Minnesota Marijuana Legalization: What You Need to Know

After months of deliberation and negotiation, Minnesota has become the 23rd state in the United States to legalize marijuana. Governor Tim Walz signed the sweeping 321-page bill to legalize marijuana for recreational use by adults aged 21 and older in Minnesota. This historic move has been long-awaited by cannabis advocates and aims to create a regulated and equitable market for cannabis products. In this article, we will delve into the details of the new legislation and explore what it means for Minnesotans and the cannabis industry.


Bill Passage and Implementation

The Minnesota House and Senate gave their final approval to the marijuana legalization bill just days before the 2023 session adjourned. With the governor's signature, the new law will allow adults 21 and older to possess and use marijuana for recreational purposes. However, the actual implementation of the law remains uncertain, with some elements taking effect on July 1 and others on August 1. Legal retail sales are expected to begin in early 2025, with the state's medical cannabis program undergoing changes as well.

Adult Use and Possession Limits

Under the new law, Minnesotans aged 21 and older will be allowed to possess or transport in public up to 2 ounces of cannabis flower, up to 8 grams of cannabis concentrates, and edible cannabis products containing up to a total of 800 milligrams of THC. Additionally, individuals can possess up to 2 pounds of marijuana within their homes.

Home Cultivation

The new marijuana legalization law permits adults aged 21 and older to cultivate up to 8 cannabis plants per residence, with no more than 4 being mature and flowering at the same time. Cannabis plants can be grown indoors or outdoors but must remain within an enclosed, locked space that is not visible to the public. Home cultivation is set to become legal on August 1.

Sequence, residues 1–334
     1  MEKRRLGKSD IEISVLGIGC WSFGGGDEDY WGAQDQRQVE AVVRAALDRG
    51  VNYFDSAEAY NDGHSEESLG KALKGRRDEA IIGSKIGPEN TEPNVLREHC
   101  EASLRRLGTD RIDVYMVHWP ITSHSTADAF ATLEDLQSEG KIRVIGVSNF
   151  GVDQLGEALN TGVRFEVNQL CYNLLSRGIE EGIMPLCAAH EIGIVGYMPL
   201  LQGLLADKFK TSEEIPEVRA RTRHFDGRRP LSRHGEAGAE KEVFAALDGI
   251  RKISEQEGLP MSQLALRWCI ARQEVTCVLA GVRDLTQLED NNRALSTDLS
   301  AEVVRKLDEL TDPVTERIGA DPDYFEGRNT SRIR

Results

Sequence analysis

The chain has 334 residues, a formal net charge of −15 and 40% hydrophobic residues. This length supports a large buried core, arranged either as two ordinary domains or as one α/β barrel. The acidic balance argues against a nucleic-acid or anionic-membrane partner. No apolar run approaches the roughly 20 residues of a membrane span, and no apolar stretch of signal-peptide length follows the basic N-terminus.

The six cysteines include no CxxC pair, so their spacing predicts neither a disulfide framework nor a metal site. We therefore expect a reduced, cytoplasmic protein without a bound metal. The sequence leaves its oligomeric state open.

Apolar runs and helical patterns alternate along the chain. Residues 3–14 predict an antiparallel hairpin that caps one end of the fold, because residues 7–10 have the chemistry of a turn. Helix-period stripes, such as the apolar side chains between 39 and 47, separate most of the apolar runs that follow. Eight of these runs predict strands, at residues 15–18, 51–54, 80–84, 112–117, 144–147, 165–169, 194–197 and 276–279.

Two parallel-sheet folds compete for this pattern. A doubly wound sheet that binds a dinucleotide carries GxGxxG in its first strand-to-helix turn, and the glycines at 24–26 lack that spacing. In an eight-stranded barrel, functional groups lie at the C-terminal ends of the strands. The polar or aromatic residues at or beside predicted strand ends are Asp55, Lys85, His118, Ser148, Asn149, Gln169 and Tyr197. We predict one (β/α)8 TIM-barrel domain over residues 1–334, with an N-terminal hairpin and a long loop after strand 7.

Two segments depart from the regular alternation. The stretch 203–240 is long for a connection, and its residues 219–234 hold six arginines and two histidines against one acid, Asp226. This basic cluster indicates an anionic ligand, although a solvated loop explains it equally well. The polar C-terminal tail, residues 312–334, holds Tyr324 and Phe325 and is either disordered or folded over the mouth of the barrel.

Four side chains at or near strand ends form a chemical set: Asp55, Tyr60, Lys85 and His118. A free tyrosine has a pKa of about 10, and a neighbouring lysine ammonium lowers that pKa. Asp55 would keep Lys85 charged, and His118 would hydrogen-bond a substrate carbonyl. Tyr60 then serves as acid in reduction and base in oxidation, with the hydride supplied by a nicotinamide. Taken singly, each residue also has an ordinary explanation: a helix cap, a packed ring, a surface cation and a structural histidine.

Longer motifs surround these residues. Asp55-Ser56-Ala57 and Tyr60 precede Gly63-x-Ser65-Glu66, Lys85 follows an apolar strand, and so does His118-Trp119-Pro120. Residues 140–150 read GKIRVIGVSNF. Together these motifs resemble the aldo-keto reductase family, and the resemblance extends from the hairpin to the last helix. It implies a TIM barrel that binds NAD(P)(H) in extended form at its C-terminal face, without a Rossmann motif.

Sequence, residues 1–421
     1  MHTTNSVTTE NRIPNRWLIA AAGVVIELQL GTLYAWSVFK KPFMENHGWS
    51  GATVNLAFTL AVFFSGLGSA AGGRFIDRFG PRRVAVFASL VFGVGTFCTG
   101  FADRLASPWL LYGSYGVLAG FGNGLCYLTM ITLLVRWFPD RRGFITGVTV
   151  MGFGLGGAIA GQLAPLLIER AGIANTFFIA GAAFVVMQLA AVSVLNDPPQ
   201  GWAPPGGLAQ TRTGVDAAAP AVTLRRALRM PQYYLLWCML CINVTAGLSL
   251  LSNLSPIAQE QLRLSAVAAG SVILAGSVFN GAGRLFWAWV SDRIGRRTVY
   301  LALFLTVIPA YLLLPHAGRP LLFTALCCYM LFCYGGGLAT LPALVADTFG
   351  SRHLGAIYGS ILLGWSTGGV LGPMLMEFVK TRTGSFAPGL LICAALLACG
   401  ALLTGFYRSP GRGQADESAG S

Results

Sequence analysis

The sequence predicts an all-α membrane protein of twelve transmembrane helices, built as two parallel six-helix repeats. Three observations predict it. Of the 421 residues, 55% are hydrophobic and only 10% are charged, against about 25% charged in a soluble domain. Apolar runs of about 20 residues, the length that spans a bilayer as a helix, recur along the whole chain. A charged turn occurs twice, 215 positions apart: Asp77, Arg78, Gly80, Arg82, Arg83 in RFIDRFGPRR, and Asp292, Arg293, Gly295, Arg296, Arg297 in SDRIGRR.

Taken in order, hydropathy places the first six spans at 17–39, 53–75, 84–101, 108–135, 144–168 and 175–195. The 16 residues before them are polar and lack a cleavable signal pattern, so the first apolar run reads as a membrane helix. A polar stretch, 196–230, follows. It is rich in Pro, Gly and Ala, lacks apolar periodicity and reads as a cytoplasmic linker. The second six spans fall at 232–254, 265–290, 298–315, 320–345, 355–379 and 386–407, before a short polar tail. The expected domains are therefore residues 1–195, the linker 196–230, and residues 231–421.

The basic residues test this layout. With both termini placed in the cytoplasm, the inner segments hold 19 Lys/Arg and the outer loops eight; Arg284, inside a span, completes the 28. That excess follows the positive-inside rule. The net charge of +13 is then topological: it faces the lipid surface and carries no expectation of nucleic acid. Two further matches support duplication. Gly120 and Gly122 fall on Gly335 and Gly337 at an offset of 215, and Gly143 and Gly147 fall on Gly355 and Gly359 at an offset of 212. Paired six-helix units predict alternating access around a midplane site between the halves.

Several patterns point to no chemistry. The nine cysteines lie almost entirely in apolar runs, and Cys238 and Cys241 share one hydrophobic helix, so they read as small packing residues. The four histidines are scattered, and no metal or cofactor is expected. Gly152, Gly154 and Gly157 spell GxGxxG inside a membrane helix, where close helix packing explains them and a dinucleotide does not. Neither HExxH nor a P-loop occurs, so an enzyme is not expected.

Public Safety and Driving Impairment

Addressing concerns about driving under the influence of cannabis, the new law allocates $15 million over the next two years to fund drug recognition training for law enforcement officers. The state's public safety commissioner is also tasked with launching a pilot project studying the development of an oral fluid roadside test to detect cannabis impairment.

Market Regulation and Licensing

The new law establishes the Office of Cannabis Management, which will be responsible for licensing cannabis and hemp businesses, as well as overseeing a legal recreational market and the existing medical cannabis and hemp-derived markets. The regulation will cover 15 types of licenses, including cannabis cultivator, manufacturer, retailer, microbusiness, mezzobusiness, wholesaler, transporter, delivery service, and event organizer licenses.

Local Government Control

While local governments are not allowed to ban cannabis businesses entirely, they do have the option to limit the number of cannabis retailers to one for every 12,500 residents. If a county meets this threshold, individual cities or towns within the county are not required to allow a cannabis business. Tribal governments in Minnesota will have the authority to establish their own rules for recreational and medical marijuana.